Not the tightest, but good texture.

Image
Wide and deep, a strongpoint.

Dynamics
Surprisingly good with the Senns even in low power OTL mode.

ASL MG Head MK III vs. Feel HP-100A: Winner ASL MG Head MKIII


Ming Da 66

The Ming Da is well built with heavy power supply. A robust power supply at the top of my list and helps determine how much the manufacturer has invested in producing good sound. The parts quality and wiring also was of good quality. I have had Ming Da integrated tube amps that sound good and similar to my Cayin/Prima Luna amp. Everything seemed in place.

This amp lacked the air, detail and definition of other tube amps. One of the methods I use to determine this is listening to how the amp responds to tube rolling with top respected tubes. With top amps, you should be able to clearly hear the difference between tube changes as you do with opamps. The Ming Da exhibited a muffled sound that you had to listen through to discern tube differences. I am biased toward tubes but this amp does not squeeze out the most detailed sound in a tube. It was also noisy and did not do well driving sensitive IEM’s.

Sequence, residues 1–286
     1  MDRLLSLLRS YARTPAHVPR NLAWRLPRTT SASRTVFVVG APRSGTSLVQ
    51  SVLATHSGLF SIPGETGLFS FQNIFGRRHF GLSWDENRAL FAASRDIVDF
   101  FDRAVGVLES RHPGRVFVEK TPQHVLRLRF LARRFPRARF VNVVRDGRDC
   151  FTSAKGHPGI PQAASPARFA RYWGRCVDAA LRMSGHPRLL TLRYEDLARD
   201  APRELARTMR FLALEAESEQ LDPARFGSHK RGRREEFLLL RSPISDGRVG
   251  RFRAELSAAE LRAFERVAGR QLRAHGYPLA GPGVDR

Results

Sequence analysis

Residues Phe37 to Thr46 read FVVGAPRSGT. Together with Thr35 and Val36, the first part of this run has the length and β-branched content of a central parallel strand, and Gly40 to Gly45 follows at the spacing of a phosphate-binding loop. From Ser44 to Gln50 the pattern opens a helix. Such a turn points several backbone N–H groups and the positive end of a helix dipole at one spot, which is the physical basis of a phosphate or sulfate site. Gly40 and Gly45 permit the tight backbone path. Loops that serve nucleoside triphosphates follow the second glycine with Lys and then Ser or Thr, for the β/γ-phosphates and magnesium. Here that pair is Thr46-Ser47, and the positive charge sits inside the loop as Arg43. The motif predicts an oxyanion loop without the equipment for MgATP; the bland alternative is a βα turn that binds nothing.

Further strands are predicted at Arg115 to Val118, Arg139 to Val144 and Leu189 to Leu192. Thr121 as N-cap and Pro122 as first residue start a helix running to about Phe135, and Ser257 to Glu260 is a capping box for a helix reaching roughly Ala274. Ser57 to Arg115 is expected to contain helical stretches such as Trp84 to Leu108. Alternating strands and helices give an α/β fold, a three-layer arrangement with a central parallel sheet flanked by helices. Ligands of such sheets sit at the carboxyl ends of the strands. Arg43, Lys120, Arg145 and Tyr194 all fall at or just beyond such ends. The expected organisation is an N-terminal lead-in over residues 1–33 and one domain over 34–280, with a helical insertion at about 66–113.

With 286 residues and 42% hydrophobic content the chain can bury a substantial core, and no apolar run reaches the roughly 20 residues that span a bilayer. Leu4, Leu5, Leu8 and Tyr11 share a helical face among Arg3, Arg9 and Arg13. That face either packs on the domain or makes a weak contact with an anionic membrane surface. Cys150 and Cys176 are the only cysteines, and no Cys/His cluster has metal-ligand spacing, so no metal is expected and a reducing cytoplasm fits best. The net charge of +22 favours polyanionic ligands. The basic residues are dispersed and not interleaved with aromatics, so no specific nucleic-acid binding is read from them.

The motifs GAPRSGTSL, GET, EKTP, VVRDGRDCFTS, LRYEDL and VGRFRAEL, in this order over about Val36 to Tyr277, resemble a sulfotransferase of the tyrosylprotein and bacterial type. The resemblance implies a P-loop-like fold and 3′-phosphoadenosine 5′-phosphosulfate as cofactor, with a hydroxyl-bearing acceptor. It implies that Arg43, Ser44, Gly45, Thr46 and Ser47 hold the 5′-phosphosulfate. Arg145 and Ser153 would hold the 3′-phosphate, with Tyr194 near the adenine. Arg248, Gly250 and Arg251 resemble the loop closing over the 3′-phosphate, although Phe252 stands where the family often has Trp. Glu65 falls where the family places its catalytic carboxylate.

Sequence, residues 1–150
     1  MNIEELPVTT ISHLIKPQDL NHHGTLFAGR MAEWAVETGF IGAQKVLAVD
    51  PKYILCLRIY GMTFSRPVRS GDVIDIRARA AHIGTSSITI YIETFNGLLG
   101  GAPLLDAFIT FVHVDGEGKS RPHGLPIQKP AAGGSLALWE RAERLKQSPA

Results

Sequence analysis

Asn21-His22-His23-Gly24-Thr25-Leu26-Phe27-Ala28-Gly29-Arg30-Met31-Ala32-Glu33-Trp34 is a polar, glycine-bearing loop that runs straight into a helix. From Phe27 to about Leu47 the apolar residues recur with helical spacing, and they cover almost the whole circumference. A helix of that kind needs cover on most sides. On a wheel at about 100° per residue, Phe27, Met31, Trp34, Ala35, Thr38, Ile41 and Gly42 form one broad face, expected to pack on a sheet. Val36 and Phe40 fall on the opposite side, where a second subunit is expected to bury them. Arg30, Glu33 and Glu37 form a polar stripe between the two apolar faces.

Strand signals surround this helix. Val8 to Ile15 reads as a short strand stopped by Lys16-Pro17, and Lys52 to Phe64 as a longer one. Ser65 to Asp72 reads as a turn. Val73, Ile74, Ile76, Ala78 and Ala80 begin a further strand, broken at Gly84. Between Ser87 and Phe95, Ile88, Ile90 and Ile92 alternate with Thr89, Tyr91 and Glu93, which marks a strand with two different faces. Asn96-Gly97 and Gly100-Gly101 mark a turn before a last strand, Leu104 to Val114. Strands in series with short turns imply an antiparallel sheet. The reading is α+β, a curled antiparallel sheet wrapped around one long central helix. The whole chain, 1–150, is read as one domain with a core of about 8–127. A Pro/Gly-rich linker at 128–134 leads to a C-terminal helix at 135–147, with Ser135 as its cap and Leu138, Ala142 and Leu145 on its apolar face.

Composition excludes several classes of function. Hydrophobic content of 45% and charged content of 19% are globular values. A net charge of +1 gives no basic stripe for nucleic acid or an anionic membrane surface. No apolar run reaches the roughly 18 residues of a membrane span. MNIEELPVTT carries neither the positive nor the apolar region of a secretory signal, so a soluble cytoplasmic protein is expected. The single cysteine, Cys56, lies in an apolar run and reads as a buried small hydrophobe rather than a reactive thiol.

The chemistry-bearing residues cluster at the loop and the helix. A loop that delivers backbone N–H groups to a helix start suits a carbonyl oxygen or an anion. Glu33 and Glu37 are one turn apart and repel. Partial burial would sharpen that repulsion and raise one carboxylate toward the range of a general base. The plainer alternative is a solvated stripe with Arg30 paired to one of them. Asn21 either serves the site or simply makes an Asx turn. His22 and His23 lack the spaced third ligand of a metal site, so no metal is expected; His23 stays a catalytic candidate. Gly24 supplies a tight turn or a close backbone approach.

Treble
Smooth and tubey, a bit rolled off.

Midrange
Richly defined .

Bass
Not tight and bloated. An example of tube bass looseness.

Image
Wide but diffuse lacking specificity.

Dynamics
Hard to determine due to the bass overhang.

Ming Da 66 vs. Feel 100: Winner-Feel HP-100A


Xiang Sheng 708B

Not the best build quality on this amp, but the price is low. The chassis is thin stamped steel, PCBs are thin (we like military specification boards) and the ALPS labeled volume pot looks like a “copy” (AKA knockoff). The tube in the front opening is for display only and does nothing but act as a nightlight as far as I can tell. We are not off to a good start and this is not what I would call a robust design.